As you know, we’re a circuit board manufacturer that supports IPC-2581. We recently met with two Consortium members, Michael Ford from Aegis and Hemant Shah from Cadence. This was the perfect opportunity to ask them a few questions.
In this article, we will cover the main concerns PCB designers have about IPC-2581:
- IPC-2581 compared with other standards
- ECAD tools outpout
- Intelligent testing
- Schematics information
- Editing and traceability
- SMT programming
What are the advantages of IPC-2581 over older generic standards, like GenCAM or ODB++?
Hemant Shah: The majority of the people today, believe it or not, use Gerbers.
I would contrast it to Gerbers. So, 80-plus percent, probably 90-plus percent of the people today, use Gerbers. Gerber is a format that was first conceived in the 1980s, and it has evolved a little bit; 274X has come out and it’s gotten better. But it is a photoplot format. It is artwork, essentially.
There’s no intelligence in it. What IPC-2581 offers is intelligent data. You have intelligent data in your design, and there’s no need for you to dumb it down into artwork to then give it to somebody else that has to reverse engineer that into intelligent data to then go fabricate the board or assemble the board.
What IPC-2581 offers is an intelligent transport and handoff of design data to manufacturing so that the intelligence is preserved, the relationships between elements that are required to manufacture boards are preserved.
ODB++ can also be used for that.
H.S.: Correct. ODB++ is also an intelligent format. In fact, IPC-2581 was actually created with the combination of GenCAM and ODB++. ODB++ donated their standard to IPC, and what came out was a better standard IPC-2581, which is a super set of ODB++ and GenCAM. So that’s one part.
The second part is that ODB++ is a proprietary format, so if you’re not a customer, a paying customer of ODB++ or their tools, you are not likely to get the same level of support that you would need to address your issues if you ran into any issues. That tells me that it’s not the standard; it is a format for a particular company’s CAD tool.
Are the ECAD tools able to output IPC-2581?
H.S.: Yes. All of the ECAD tools output IPC-2581, so that’s the great news. All the vendors do it. We also have companies that do analysis that import and export IPC-2581. We have companies that have PLM software; they import and export IPC-2581. We also have software companies that support the manufacturing space; they also import and export IPC-2581.
So DFM companies, EDA companies, analysis companies, testing companies… All of them support IPC-2581.
How does IPC-2581 help intelligent testing?
H.S.: All of the data required for testing is included in the test data. So not just the netlist; anything else that’s associated with the test pads, etc., all of that is included in IPC-2581.
It’s defined. From your design, it takes it and puts it in IPC-2581.
Whatever your CAD tools support for testing instructions and testing data, that is transferred. It doesn’t invent anything new out of that, but it makes it easy for you to transfer the test intend in electronics.
IPC-2581 is a way for you to communicate your intent. Whatever you have to do in your native tools to create that intent will still exist. And tools will be different. Some tools do it easy, some do it difficult, right? So whatever you’re doing or creating design intent or testing intent in this case, that same thing will exist but IPC-2581 enables that data to be transferred easily.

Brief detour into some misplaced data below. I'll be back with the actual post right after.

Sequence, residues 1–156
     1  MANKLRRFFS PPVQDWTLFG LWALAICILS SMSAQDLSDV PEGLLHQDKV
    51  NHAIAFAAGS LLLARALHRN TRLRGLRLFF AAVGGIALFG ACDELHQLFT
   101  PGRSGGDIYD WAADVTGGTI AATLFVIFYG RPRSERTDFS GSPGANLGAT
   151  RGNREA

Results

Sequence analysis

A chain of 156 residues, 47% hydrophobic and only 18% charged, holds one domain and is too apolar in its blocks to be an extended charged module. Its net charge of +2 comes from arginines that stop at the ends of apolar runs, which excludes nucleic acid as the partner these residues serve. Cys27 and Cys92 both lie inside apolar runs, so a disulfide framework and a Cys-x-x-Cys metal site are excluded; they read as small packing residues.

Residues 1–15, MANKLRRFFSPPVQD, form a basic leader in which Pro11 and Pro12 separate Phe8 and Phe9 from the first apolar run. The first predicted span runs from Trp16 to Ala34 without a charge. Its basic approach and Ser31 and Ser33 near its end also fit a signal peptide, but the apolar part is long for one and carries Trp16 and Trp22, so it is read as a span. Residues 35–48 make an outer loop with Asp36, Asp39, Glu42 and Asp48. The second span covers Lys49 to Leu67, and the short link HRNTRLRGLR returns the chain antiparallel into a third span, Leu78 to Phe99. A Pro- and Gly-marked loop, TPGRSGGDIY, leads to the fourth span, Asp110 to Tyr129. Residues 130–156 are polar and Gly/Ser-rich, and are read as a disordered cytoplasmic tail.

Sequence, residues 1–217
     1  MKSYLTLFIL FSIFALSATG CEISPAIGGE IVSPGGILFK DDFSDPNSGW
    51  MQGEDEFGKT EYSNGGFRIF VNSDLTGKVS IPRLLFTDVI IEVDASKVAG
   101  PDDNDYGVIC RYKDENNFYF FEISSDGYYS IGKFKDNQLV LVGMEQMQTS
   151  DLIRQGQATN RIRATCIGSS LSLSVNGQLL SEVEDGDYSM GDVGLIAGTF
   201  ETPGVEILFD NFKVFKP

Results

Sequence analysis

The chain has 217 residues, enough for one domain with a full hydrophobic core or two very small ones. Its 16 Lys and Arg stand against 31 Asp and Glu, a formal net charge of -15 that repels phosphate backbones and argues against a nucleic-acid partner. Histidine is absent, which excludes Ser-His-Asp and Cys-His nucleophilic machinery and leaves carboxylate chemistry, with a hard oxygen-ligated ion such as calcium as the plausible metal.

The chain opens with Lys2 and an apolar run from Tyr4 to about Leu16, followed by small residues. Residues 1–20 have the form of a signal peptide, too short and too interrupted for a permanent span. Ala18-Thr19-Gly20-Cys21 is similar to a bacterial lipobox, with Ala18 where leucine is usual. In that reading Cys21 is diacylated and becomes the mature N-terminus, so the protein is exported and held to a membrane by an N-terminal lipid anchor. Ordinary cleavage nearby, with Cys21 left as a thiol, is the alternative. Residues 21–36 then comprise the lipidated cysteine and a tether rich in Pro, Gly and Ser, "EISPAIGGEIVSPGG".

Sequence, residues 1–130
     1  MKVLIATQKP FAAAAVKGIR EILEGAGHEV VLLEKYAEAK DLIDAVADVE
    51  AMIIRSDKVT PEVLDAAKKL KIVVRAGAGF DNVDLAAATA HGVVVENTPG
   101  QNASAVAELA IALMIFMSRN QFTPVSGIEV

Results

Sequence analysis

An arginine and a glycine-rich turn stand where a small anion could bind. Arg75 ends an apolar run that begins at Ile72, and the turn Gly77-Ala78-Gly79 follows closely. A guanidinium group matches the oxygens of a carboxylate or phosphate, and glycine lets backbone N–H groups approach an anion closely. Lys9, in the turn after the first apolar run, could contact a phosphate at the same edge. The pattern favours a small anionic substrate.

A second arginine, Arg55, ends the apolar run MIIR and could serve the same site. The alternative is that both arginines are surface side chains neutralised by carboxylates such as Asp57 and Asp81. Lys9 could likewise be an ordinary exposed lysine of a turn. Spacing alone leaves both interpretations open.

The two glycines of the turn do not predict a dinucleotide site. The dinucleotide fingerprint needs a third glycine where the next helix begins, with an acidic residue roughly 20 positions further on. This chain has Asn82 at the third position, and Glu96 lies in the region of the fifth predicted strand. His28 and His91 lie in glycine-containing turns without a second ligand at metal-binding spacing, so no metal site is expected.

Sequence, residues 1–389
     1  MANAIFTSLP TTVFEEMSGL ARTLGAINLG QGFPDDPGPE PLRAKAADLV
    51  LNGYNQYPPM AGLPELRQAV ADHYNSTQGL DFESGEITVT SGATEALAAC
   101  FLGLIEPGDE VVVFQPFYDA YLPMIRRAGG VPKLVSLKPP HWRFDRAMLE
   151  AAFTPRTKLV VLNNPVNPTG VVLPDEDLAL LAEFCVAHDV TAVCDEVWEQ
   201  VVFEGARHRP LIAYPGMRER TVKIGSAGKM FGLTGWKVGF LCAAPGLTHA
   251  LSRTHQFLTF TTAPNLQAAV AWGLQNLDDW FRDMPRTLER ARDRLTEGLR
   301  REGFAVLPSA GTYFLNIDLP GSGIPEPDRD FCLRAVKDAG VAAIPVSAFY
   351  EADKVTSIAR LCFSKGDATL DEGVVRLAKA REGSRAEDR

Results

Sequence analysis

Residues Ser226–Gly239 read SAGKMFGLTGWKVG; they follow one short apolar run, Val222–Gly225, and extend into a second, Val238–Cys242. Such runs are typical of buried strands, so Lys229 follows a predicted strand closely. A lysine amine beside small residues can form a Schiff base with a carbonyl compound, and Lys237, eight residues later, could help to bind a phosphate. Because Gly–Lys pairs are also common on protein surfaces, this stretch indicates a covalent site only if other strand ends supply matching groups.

Are the schematics information completely there?
H.S: The netlist data is the format and is completely there. Cadence is there. Bill of materials is there. So you have everything to manufacture your board with any variations that you want.
Are there any specific guidelines designers should follow to make the data their own?
H.S.: Every tool has a different sequence of steps that they follow to output the data. For Cadence, we asked the Consortium members who’ve used Allegro to output IPC-2581, we asked them to document it. It’s a simple one-page sequence of steps. Here are the steps you take to produce IPC-2581. Very simple format.
And we went to the Consortium members because they have done it, it’s proven, and they’re doing it on a daily basis.
What if designers forget to remove some traces, planes, etc. that could create a problem in manufacturing when they create a Gerber? Can IPC-2581 handle these issues?
Michael Ford: One thing that you have to remember is that the Gerber data isn’t the design data. It’s a graphical output that’s intended for use in fabrication. So the actual outlines of things, I mean, even these kinds of fragments of design that you’re talking about, they aren’t necessarily part of the original design.
When creating the Gerber, it adds in various elements to compensate for the manufacturing process. This actually introduces errors and potential mistakes. So this is kind of like a correction process for that. With IPC-2581 there should not be these kinds of issues. And if there are, the designer needs to be called to task. But you should find that IPC-2581 data is clean and immediately usable.
Could you elaborate on the use of IPC-2581 in Industry 4.0?
M.F.: The data for all of manufacturing is contained within one file. Now, there are various elements that different machines will require. And so, whether it’s location of components, component shapes and geometries, whether it’s test points or anything like that, you could say it’s kind of a translation. You choose which machine in the line will perform each task and then you allocate the data accordingly. But what you mustn’t forget is that the line isn’t only machines. There are people also doing manual assembly operations.